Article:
In These New Times

A new paradigm for a post-imperial world

Posts Tagged ‘velikovsky’

Thereby Hangs a Tail

Posted by seumasach on December 18, 2014

Thunderbolts

17th December, 2014

Direct statements concerning dramatic changes in the appearance of planets are few and far between in ancient sources.

A classic example is a fragment from the obscure Greek astronomer Castor of Rhodes (1st century BCE), as cited by his contemporary, the Roman grammarian Marcus Terrentius Varro, who was in turn cited by the church father Augustine of Hippo (354-430 CE). According to this tantalisingly brief passage, the planet Venus once “changed its colour, size, shape and course, a thing which has never happened before or since.” This information, frequently considered in catastrophist theories, presents quite a puzzle.

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Immanuel Velikovsky – Challenging Truths (Camera Three – 1964)

Posted by seumasach on December 18, 2013

Immanuel Velikovsky was a controversial author, his views on astronomical and historical events have been widely rejected by the academic community, despite some of his ideas to be later proven true.
His books use comparative mythology and ancient literary sources to argue that Earth suffered catastrophic close contacts with other planets (principally Venus and Mars) in ancient times.

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Before the Pharaohs: The evidence for advanced civilisation in Egypt’s mysterious prehistory

Posted by seumasach on November 22, 2013

Waking Times

18th November, 2013

There is no other place on Earth like Egypt’s Giza Plateau. Anyone with even a slight interest in history and civilisation is aware of this fact. For on this plateau there stands the Great Pyramids and their sculpted guardian, the Great Sphinx.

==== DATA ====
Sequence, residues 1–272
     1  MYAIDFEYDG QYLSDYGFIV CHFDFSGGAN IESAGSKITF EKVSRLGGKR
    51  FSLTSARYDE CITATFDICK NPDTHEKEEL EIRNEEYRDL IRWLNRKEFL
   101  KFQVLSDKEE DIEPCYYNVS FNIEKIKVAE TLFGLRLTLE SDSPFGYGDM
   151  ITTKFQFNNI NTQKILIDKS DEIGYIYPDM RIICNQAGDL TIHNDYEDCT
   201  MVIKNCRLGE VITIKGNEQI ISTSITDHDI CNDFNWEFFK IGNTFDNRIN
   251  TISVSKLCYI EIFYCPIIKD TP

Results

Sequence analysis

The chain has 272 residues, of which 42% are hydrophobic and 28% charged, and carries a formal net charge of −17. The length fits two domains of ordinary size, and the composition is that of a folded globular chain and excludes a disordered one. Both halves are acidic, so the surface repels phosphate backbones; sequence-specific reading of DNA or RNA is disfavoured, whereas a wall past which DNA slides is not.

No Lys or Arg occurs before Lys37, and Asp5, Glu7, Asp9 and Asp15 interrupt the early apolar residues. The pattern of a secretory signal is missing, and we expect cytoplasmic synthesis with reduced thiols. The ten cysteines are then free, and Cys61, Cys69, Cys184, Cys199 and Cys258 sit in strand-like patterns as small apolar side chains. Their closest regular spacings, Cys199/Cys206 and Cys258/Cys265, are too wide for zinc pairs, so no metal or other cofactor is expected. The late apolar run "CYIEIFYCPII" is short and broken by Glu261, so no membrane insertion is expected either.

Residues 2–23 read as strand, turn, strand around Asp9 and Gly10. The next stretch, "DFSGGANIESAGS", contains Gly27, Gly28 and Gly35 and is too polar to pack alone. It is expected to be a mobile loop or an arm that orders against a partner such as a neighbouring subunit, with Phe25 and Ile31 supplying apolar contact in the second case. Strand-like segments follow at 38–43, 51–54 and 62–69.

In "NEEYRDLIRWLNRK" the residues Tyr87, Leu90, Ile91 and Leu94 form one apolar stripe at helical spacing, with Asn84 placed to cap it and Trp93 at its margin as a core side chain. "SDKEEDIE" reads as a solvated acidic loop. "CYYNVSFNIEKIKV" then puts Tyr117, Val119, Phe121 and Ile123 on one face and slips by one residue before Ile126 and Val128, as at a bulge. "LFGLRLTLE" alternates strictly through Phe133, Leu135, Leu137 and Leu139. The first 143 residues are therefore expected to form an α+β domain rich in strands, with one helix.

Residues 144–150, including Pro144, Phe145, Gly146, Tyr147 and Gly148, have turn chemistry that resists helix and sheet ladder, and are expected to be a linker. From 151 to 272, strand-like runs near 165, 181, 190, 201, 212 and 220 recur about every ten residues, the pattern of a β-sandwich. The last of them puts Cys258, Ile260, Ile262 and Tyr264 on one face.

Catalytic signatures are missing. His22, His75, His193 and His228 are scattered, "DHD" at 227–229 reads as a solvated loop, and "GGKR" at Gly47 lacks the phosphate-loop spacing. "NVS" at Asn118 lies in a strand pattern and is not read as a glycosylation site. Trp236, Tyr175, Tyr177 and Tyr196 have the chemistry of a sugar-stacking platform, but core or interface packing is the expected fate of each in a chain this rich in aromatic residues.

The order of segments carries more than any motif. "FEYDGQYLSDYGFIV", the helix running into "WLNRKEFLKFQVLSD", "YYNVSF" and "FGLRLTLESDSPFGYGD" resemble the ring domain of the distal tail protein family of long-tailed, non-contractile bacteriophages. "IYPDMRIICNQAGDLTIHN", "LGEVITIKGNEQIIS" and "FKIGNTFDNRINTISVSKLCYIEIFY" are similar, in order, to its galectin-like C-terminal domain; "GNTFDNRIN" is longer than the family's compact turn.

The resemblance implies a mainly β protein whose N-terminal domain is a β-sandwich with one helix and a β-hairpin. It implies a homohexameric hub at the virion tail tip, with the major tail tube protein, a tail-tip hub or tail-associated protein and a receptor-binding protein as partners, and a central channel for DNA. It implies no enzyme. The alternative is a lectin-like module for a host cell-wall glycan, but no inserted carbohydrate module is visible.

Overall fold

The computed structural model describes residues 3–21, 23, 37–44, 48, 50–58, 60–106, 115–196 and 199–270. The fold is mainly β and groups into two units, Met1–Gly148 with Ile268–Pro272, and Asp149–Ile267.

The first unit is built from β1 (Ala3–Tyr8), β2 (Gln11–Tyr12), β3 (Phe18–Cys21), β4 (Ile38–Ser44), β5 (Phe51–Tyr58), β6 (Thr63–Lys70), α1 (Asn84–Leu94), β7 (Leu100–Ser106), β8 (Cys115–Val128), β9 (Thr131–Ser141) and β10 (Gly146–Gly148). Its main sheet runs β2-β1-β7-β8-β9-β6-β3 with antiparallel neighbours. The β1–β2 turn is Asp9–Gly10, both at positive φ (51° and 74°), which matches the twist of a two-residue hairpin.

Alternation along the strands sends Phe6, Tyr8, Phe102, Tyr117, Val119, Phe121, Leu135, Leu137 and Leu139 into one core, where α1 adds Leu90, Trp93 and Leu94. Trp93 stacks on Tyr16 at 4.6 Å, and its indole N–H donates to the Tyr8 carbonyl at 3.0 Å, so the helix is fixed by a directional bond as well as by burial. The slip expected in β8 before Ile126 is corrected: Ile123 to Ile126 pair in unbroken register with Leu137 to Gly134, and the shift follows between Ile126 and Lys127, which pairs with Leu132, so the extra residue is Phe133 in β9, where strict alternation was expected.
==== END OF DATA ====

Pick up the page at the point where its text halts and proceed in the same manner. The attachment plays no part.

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Ancient city discovered beneath biblical-era ruins in Israel

Posted by seumasach on November 19, 2013

Yahoo

18th November, 2013

Archaeologists have unearthed traces of a previously unknown, 14th-century Canaanite city buried underneath the ruins of another city in Israel.

 The traces include an Egyptian amulet of Amenhotep III and several pottery vessels from the Late Bronze Age unearthed at the site of Gezer, an ancient Canaanite city.

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The interdisciplinary story of the electric universe

Posted by seumasach on August 19, 2013

Wallace Thornhill

Thunderbolts

17th August, 2013

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Catastrophism in the humanities—a Low-down

Posted by seumasach on April 15, 2012

Part One

Rens Van Der Sluijs:

Thunderbolts.info

Ever since the gradualist doctrine natura non facit saltus cast an ossifying spell on the academic community, catastrophist theories of myth and other traditions have been anathema to the learned.

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Read Part Two

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Electric Universe 2012—The Human Story

Posted by seumasach on December 27, 2011

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Catastrophe of ethics:the case for taking Velikovsky seriously

Posted by seumasach on May 4, 2011

James P.Hogan

How It All Began: A Small Question About the Exodus

In the summer of 1939 Velikovsky came with his family to the United States to complete his research for a proposed book on ancient history covering the time of the Hebrew Exodus from Egypt. In comparing records, it struck him as curious that an event that figured so prominently in Hebrew history seemed to have no corresponding account on the Egyptian side. This had been a longstanding problem for historians, who had never been able to agree even who the Pharaoh at the time of the Exodus had been. It turned out to be only one of many examples of major historical events in the Hebrew account with no correlating Egyptian counterpart, which had led some historians to dismiss Hebrew history as largely fictional. On the other hand, its claims received substantial support from archeological findings.

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